Long story short, government consumption spending has been basically flat since the 70s. The notion of massive runups is delusional. (Yes, we need to control health-care costs that are overwhelming our economy and our government budgets [Medicare and Medicaid]. That’s a different issue. Also pension plans. Social security really isn’t an issue at all.)

As always, I’m happy to share my work. Drop a line if you want the spreadsheet.

Tyler Cowen’s The Great Stagnation: Government Spending Section

January 26th, 2011 10 comments

I’m quite taken with the central notion of Tyler’s new mini-book — that America has been picking the economic low-hanging fruit for decades or centuries, and that there’s a lot less of it around over the last three to six decades.

Before I get to the parts I like, I have to instantly respond to his section on government, because it has some flaws and falsehoods that I’m really stunned to hear from him — because I know for a fact that he knows they’re not true.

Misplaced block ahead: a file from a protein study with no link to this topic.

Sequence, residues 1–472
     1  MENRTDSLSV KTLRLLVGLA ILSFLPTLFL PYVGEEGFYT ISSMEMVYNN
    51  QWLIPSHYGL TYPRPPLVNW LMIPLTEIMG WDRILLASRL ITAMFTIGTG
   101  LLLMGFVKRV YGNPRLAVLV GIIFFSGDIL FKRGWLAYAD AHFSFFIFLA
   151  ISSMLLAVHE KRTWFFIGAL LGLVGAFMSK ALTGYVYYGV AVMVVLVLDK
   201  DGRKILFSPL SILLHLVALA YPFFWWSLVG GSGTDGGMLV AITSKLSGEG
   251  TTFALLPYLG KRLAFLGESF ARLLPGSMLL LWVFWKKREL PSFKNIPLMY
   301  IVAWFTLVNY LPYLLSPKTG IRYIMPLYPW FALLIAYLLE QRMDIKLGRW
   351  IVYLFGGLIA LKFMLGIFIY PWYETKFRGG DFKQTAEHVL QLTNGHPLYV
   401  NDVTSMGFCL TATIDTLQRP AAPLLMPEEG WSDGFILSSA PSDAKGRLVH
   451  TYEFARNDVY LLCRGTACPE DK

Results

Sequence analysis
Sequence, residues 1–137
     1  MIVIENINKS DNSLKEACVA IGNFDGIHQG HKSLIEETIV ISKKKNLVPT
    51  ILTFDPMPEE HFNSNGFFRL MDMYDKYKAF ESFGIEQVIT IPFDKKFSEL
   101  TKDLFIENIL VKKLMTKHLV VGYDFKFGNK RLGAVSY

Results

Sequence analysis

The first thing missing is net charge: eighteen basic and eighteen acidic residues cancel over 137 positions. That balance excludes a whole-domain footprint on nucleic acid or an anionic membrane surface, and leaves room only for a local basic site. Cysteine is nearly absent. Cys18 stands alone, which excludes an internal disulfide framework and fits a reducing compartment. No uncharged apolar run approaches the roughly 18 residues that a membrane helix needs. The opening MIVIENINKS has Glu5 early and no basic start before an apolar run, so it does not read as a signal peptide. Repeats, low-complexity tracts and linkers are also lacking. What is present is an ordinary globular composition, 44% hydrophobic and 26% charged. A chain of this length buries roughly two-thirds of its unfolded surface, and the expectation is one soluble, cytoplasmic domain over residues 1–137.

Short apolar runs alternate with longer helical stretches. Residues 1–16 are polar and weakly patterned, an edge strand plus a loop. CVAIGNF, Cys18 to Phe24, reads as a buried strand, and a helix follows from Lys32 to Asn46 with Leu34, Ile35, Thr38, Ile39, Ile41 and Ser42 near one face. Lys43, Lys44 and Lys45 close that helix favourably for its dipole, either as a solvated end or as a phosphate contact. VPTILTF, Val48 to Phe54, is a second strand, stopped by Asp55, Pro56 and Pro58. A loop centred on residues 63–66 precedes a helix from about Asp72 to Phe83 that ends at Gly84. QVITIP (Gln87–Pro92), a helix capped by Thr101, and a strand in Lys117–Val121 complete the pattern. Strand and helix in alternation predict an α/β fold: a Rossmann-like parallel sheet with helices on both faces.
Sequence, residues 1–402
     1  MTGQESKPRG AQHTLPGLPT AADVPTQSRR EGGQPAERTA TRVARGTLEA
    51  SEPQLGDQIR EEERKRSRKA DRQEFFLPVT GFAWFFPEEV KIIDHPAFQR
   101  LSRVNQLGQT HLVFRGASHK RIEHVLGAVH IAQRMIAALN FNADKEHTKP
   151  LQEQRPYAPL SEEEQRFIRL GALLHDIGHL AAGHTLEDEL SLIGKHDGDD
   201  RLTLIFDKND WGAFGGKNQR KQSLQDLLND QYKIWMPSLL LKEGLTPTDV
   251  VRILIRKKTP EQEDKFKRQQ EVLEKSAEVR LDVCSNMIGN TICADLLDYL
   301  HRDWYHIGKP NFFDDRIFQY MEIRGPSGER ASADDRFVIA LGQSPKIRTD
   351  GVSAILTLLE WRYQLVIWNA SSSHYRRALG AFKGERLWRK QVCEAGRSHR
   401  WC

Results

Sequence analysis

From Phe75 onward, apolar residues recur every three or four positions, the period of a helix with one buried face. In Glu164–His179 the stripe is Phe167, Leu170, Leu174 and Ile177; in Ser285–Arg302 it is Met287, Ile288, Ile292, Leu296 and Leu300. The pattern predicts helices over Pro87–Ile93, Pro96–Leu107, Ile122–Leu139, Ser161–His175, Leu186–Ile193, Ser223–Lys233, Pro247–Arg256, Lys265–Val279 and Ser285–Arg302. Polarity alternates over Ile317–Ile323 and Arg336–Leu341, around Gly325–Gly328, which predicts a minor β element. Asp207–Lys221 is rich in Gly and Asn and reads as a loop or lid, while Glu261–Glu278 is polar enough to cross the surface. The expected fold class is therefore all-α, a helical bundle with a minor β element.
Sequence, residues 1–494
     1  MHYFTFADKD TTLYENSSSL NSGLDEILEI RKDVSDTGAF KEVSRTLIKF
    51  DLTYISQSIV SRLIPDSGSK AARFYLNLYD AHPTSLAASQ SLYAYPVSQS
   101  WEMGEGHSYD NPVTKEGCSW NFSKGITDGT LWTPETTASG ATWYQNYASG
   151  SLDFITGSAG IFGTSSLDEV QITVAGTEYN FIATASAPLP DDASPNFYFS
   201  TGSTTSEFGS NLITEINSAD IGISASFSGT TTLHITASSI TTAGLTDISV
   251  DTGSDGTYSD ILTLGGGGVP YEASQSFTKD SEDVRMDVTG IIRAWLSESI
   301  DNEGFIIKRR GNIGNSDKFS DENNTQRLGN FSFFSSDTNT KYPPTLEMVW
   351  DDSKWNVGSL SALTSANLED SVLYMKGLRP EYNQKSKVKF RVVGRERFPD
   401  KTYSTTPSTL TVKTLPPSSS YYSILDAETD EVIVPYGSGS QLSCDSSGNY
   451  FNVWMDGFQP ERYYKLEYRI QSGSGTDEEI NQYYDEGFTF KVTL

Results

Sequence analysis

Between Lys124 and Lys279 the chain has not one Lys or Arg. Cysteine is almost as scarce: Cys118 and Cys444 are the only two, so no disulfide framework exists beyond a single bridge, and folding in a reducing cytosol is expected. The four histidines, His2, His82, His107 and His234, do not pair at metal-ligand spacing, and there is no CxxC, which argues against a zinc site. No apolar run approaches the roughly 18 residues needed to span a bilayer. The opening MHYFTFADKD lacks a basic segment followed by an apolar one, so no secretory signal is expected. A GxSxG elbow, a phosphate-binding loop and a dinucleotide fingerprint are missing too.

He uses the marginal utility argument (you only need so many apples, so additional — marginal — apples yield progressively less benefit per apple) to argue that as government grows, the marginal additions yield progressively less value:

Even if you think everything our government does is awesome, successive units of government are on still on average less valuable than the core functions.

He’s basically applying his low-hanging fruit contention (which is different from the single-good marginal-value argument) to government: all the high-value services (i.e. the low-hanging fruit) have already been delivered. That contention may be true; more below. But first we need to look at the basic facts he presents.